At length we fell in for final inspection, then off we went on the four-mile journey to Amesbury railway station, gaily marching to the strains of the ‘Colonel Bogie March’ played by the Battalion Band. 

The Battalion left Amesbury on three trains, which arrived at Southampton at 11am, noon and 2pm’ (Brahms) on its way to play its part in the mud of the Western Front and the chalk of Picardy and Artois.

  • Sources:

    • Brahms V, 1938, The Spirit of the Forty Second, Smith and Paterson, Brisbane

    • James, NDG, 1983, Gunners at Larkhill – a history of the Royal School of Artillery, Griesham Books, Salisbury, 0946095086

    • James, NDG, 1987, Plain Soldiering – a history of the armed forces on Salisbury Plain, Hobnob, Salisbury, 094618039

    • Wiltshire County Council Photographic Archives, Wiltshire Libraries and Heritage, Trowbridge, Wiltshire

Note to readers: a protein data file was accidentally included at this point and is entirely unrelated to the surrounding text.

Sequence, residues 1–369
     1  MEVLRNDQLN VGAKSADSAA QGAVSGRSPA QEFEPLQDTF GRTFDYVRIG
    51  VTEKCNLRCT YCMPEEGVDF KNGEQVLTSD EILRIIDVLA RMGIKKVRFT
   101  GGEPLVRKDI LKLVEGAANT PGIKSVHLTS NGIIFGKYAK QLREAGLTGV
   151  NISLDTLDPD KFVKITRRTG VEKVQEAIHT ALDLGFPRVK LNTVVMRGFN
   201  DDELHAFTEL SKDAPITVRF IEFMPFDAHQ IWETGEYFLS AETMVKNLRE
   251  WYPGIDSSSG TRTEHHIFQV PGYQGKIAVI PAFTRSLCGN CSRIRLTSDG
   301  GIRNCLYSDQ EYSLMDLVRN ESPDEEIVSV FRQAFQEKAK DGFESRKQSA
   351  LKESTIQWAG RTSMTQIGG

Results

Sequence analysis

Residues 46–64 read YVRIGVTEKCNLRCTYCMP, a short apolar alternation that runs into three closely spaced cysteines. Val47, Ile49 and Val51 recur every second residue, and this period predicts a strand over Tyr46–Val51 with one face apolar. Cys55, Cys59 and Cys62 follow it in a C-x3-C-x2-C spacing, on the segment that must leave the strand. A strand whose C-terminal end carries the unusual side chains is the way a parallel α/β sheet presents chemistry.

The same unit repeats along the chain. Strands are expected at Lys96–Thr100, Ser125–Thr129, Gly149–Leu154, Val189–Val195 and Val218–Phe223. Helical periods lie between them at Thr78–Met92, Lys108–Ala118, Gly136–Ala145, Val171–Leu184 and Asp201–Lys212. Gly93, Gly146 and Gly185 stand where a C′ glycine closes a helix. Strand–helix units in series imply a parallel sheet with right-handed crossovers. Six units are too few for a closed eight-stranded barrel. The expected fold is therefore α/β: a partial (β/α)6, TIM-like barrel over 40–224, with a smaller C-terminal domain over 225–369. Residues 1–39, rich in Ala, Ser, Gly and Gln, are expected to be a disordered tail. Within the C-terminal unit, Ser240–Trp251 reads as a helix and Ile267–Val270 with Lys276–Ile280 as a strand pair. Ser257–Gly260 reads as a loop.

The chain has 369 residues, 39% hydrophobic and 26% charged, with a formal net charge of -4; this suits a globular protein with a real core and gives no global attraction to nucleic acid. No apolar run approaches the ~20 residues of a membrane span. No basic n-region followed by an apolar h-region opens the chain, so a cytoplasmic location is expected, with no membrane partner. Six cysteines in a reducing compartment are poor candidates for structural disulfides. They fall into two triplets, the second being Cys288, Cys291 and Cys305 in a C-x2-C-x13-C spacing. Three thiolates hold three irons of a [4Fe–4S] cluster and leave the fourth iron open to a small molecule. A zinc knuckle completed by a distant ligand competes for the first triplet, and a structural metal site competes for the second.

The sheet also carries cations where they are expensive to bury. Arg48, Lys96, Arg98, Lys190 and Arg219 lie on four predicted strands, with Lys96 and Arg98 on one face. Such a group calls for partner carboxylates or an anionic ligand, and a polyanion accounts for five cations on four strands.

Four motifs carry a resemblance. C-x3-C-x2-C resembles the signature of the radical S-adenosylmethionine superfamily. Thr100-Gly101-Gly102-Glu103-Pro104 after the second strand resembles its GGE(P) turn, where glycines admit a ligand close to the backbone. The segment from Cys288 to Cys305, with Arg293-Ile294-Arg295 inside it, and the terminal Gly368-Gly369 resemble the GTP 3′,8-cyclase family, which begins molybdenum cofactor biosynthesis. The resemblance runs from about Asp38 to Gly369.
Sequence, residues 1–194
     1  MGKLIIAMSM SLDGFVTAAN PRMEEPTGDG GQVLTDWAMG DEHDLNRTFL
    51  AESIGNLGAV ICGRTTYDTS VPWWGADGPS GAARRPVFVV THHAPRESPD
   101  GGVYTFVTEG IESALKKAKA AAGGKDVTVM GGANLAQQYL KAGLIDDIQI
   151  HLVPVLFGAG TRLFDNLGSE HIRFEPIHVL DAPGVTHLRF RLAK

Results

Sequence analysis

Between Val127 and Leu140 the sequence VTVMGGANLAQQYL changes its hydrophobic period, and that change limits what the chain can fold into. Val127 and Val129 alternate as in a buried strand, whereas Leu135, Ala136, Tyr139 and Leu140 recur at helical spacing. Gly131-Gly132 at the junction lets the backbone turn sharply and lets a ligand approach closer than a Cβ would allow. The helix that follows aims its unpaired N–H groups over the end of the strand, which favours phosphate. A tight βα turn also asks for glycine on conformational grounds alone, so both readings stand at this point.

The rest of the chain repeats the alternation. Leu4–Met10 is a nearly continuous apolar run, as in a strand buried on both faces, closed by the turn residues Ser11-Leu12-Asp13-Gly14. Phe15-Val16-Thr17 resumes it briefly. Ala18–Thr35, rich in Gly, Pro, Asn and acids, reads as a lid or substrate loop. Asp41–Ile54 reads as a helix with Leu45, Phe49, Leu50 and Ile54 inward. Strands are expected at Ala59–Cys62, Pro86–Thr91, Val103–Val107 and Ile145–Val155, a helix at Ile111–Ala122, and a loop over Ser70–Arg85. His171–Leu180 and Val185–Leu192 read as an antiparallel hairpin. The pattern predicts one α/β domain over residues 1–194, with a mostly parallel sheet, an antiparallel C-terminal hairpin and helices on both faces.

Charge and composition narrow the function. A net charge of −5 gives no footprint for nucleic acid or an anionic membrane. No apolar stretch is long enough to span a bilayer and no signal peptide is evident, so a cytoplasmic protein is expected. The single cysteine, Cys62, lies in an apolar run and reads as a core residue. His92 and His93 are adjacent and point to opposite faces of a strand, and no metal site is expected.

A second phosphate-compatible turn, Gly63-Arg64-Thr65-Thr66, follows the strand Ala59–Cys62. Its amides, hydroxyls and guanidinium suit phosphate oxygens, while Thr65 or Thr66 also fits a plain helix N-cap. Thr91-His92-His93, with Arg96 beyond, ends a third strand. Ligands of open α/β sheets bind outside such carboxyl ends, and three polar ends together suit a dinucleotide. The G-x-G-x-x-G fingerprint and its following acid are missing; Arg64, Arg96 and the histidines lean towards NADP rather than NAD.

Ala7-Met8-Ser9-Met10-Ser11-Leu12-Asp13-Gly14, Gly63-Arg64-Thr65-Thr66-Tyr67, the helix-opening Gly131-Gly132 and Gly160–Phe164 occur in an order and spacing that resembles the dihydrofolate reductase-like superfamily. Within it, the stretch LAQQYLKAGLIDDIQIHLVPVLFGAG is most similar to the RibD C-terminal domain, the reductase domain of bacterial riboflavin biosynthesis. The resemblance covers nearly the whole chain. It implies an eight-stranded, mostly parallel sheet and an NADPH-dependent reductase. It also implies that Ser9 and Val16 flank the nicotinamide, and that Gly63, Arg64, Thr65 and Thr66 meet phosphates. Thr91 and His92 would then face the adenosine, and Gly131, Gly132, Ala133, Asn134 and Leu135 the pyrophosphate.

• Notes

    • The Military Light Railway started at GR 162424, crossed the Packway at GR 113445, terminated at GR 103449 and at GR 103446, the original Fargo ammunition dump.

    • The name Packway, for the main road through Larkhill Camp, may have derived from an ancient packhorses trading route, or from the army packs carried to the training grounds.




The following Order was sent by the King at the completion of his inspection of the Australian and New Zealand troops.

Officers, Non-commissioned Officers and Men:-

"Today, I inspected for the first time in this country, Troops from my Dominions of Australia and New Zealand. These successive contingents are the recognition by the Dominions of their obligations to the common defence of the Empire". 

"I was particularly impressed by the soldierly appearance and physique of the men of the various units, while the warm-hearted greeting acceded to me on my departure touched me deeply".

"The keen spirit which animates all ranks shows that Officers and Men realize what careful training and strict discipline are necessary to reach that high standard of efficiency demanded by modern war. Make good use of you time on Salisbury Plain and reinforce the fighting line with worthy successors to those who have made famous the name of A.N.Z.A.C."

"I shall ever watch with interest your progress and well-being".